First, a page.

Home at the Mouth of the Mississippi

Two months after Katrina's surge, distant from its foundation, this house floats in an irrigation ditch. Photograph by Andrea Booher, FEMA.

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Home at the Mouth of the Mississippi

by Judith A. Howard
Southern Cultures, Vol. 14, No. 2: Katrina

"Little notice has been given to Plaquemines Parish, where few structures escaped damage from Katrina, and where the region south of Port Sulphur looked like a bombed-out war zone. Yet this isolated parish suffered only four deaths and two missing in Katrina, out of a population of 27,000."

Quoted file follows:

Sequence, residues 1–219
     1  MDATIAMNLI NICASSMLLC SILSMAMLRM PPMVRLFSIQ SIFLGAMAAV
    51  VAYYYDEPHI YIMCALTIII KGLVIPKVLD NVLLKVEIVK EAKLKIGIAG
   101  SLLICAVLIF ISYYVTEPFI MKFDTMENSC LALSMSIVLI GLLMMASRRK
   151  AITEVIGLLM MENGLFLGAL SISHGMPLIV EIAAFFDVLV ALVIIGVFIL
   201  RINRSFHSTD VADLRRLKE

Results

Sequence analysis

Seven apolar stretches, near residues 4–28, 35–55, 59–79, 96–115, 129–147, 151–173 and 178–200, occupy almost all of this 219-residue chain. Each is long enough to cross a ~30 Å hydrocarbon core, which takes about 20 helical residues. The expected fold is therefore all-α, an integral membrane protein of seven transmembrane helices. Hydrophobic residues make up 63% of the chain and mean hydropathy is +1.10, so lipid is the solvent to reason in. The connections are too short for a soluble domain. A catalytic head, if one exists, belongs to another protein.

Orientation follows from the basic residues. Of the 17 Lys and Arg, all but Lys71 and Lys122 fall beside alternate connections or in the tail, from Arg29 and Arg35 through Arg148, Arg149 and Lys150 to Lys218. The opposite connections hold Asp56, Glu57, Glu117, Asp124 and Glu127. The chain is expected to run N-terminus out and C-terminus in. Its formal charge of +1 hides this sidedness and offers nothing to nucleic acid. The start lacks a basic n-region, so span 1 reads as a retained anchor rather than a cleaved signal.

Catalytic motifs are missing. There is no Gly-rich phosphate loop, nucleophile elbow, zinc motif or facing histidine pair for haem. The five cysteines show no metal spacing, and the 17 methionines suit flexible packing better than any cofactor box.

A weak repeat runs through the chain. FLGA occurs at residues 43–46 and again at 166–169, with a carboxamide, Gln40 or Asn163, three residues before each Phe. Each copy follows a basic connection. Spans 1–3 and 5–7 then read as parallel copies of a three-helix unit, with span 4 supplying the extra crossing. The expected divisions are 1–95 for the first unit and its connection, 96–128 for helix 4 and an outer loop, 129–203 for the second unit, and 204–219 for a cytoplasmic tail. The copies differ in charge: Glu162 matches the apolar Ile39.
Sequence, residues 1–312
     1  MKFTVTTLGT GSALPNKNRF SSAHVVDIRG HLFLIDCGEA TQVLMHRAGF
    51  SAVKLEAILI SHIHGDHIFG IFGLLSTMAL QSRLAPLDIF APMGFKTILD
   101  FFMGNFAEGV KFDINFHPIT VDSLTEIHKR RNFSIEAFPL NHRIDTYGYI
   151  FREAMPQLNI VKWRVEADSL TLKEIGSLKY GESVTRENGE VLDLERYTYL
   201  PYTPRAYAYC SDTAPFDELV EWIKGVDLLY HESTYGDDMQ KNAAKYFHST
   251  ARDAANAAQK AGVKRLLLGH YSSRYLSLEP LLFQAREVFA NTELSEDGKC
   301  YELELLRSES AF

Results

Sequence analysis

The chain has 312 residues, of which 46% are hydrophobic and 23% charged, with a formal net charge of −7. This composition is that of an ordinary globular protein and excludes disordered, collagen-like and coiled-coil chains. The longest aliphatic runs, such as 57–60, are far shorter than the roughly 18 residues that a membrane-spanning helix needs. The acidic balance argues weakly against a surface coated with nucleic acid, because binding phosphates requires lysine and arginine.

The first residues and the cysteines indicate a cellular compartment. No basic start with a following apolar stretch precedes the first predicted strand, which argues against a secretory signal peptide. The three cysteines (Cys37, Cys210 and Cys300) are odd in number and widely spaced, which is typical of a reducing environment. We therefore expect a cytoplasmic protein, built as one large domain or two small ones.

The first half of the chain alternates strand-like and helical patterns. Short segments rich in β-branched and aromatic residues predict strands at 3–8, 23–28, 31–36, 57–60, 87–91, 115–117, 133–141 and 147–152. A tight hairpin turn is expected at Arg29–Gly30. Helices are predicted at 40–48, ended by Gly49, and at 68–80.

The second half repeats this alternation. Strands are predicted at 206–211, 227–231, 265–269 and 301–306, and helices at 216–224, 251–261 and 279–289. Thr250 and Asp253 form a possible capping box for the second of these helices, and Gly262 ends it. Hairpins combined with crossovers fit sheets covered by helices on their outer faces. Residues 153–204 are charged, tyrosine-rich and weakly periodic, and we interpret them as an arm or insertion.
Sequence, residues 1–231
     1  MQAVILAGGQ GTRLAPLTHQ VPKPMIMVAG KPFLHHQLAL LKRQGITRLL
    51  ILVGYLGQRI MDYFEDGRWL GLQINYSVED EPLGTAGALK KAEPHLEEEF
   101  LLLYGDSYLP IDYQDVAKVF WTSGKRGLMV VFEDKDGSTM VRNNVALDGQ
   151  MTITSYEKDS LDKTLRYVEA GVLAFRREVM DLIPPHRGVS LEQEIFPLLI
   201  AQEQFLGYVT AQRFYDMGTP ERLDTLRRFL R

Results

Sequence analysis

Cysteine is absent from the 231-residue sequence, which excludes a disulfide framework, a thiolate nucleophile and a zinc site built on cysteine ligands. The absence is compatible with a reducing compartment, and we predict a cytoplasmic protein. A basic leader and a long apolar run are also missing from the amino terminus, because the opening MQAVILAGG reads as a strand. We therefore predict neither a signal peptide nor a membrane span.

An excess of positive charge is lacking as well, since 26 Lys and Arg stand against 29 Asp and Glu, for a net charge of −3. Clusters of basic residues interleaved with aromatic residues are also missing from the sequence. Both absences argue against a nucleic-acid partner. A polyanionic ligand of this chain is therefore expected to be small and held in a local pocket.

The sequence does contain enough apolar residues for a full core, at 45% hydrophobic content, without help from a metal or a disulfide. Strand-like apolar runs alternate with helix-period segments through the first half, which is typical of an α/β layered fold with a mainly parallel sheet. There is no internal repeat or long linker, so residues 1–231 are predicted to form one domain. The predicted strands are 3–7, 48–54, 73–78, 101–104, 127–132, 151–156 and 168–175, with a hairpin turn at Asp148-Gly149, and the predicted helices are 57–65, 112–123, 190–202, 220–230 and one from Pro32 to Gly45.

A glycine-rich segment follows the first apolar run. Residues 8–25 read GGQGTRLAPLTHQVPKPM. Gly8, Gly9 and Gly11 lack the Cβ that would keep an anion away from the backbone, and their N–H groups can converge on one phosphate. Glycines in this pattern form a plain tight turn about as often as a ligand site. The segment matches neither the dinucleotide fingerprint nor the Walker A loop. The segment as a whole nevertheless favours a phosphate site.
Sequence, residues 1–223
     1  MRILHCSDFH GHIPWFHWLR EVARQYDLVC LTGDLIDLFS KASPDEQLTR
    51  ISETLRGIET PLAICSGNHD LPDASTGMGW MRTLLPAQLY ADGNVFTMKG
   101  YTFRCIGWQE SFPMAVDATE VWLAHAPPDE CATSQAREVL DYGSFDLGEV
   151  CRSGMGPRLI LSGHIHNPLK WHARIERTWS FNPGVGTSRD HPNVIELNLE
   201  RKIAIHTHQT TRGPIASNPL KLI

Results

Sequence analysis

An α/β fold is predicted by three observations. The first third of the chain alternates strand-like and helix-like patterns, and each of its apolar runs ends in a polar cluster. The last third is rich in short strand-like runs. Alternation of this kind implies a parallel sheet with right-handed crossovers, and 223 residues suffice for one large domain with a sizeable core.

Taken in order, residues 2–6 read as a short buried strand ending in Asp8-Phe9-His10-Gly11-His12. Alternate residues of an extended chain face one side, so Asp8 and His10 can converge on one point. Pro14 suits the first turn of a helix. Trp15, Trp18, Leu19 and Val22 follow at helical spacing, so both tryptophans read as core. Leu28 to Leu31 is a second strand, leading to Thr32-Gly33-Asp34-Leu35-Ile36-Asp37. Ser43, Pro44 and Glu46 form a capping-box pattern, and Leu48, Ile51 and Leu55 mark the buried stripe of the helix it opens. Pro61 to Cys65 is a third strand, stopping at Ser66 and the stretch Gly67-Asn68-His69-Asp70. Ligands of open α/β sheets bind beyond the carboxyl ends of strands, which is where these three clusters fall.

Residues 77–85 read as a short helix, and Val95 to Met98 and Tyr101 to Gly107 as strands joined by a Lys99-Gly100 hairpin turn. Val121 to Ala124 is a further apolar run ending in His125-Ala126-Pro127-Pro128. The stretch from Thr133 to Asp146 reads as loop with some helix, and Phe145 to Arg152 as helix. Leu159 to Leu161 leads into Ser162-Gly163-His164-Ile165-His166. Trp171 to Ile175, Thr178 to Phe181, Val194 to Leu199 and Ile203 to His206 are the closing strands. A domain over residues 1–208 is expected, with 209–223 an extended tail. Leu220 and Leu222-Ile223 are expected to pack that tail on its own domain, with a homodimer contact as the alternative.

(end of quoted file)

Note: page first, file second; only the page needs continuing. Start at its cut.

Create a place and there will always be people who figure out how to live there. So it was with Plaquemines Parish, Louisiana, only one-third of which is dry land (and most of that only barely so). This hundred-mile long peninsula, bisected by the Mississippi River and formed by thousands of years of silt scoured from the heartland, became home to a melting pot of Croatians, Italians, Canary Islanders, and other European immigrants, as well as segregated African American communities. Self-reliant locals on this remote sliver of land have traditionally fished, hunted, trapped, and farmed for their livelihoods. Experience taught them to be distrustful of outsiders, particularly the state and federal government, when it came to protecting them from natural disasters.